12. I really liked these, but they didn’t come out super soft like yours look in the picture. They were a bit more airy inside (still good). I followed the recipe exactly and kneaded by hand. Do you have any idea what could make that happen? I’d like to try again. Thanks!

    1. How long did you knead for? I use a stand mixer to knead the dough. This can help the gluten develop and makes a light, soft roll. If you knead by hand you will want to knead for at least 10 minutes to develop all the gluten and get a soft inside. That would be my recommendation without having seen the rolls myself. Hope that helps!

  13. I absolutely LOVE these rolls! They have turned out amazing every time. I just can’t seem to roll out the balls of dough so smoothly to get that perfect round shape like yours. What do you do?

  14. There is just my husband and I at home so 16 rolls are a lot to make. Is it possible to cut this recipe in half?

    1. You can half the recipe. These rolls also freeze really well once baked, so you could bake the whole batch and freeze the extras. Just pull out, thaw or even warm for a few minutes in a 350 degree oven (or microwave) to enjoy.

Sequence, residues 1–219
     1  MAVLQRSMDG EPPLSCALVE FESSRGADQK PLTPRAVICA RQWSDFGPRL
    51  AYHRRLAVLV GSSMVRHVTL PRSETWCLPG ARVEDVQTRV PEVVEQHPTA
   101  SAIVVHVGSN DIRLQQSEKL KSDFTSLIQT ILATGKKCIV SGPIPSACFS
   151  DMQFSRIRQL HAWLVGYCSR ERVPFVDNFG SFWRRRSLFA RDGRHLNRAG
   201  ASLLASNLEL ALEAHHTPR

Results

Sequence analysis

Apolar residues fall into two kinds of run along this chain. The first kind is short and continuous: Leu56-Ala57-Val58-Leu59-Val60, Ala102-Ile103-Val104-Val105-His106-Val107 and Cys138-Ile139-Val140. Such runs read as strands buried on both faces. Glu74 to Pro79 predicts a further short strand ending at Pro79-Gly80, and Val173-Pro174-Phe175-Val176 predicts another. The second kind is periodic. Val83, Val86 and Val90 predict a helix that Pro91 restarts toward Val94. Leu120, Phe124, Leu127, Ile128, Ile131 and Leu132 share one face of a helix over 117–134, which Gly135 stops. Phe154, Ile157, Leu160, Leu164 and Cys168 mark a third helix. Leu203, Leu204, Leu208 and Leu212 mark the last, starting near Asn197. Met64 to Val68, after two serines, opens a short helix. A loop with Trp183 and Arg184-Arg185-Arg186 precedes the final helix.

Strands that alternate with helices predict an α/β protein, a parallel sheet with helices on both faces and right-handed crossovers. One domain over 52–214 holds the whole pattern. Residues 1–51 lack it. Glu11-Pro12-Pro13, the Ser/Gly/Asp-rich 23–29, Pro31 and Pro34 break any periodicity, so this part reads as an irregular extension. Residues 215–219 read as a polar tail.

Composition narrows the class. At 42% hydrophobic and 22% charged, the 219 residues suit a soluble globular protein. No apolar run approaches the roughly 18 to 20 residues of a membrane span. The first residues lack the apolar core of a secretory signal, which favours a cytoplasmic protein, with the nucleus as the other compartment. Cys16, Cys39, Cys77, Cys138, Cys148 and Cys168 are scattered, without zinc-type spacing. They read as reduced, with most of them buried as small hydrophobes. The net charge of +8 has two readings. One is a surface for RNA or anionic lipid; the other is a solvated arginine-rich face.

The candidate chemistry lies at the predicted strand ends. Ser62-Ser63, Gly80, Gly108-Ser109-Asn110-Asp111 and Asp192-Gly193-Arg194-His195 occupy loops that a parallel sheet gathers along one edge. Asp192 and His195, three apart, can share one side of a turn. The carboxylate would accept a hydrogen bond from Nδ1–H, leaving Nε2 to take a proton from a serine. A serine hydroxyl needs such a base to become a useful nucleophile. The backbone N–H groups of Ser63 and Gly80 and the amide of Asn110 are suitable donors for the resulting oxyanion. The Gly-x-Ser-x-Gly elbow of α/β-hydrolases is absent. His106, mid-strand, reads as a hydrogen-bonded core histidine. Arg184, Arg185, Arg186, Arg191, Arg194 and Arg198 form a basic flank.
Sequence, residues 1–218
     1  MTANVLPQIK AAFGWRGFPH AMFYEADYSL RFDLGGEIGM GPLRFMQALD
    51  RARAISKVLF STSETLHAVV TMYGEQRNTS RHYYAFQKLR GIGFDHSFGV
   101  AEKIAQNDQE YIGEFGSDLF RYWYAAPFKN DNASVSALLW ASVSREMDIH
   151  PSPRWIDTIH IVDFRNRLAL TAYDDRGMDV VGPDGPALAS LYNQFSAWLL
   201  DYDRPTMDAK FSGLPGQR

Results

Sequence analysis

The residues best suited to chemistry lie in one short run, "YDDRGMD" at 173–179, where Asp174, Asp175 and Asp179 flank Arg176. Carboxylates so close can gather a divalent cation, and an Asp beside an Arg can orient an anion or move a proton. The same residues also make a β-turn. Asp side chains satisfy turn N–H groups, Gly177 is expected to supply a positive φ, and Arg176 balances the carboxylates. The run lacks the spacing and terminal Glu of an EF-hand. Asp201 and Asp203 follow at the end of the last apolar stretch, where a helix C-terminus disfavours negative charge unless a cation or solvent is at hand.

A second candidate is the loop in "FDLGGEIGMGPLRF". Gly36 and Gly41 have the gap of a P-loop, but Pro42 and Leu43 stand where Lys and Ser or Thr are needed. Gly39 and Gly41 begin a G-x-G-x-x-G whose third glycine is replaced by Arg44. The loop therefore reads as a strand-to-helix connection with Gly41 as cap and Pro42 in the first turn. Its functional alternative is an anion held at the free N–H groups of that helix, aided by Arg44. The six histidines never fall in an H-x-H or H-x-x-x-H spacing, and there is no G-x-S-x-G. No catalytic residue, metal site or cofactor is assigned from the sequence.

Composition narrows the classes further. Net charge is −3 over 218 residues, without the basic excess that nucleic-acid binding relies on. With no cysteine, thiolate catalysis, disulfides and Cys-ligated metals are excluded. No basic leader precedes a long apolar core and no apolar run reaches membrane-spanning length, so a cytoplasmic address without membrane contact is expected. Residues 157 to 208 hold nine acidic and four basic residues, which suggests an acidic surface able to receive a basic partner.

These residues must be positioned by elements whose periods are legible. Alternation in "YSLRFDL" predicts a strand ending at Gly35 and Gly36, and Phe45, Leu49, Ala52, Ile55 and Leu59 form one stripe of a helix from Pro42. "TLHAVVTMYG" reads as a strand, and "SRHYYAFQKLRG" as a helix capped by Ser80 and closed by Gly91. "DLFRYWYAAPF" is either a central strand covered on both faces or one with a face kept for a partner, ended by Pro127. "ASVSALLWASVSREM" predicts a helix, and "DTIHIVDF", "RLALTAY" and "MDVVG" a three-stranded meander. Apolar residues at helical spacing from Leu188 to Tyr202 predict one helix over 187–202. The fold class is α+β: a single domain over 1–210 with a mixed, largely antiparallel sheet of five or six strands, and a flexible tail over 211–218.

15. Question: I made this recipe as directed and they turned out beautiful… BUT, very little flavor. What could have I done to have more flavor?

    1. Are you looking for more sourdough flavor? To increase the sourdough flavor you can use older discard (maybe week or two old stored in fridge). If you are looking for more flavor in general you can increase the salt by half a teaspoon to a teaspoon in the recipe.

  16. These were easy and delicious! This is a recipe I will use again and again! Thank you!

  17. I had a little trouble. The dough wasn’t very elastic when kneading and were a little dense. Any tips?

    1. I would guess that the dough had a little too much flour. The ratio of flour to water in your sourdough starter can affect the amount of flour that needs to be added to the dough. The way flour is scooped can also affect the amount of flour in the dough. I always start on the lower end of flour-range in a recipe and work my way up when adding flour. If you can pinch off a piece, roll it into a ball in your fingers with just a little bit of sticky residue, that’s right about where you can stop adding flour. You can also try adding a tiny bit of water to the dough if you’ve over-floured it and sometimes that can help bring it back a bit too.

  18. Hi Amy, So I did make these and the taste was spot on! They were soft, however quite dense. What do I need to do to make them super fluffy?

    1. What flour did you use? I find bread flour helps give fluffier bread. Also kneading for 8 minutes helps. Make sure that they rise enough too and get almost doubled in size and puffy before baking them. Sometimes with cold discard (from the fridge) the rise takes a little longer. You could also try adding a teaspoon more yeast to the dough. Those would be my main tips.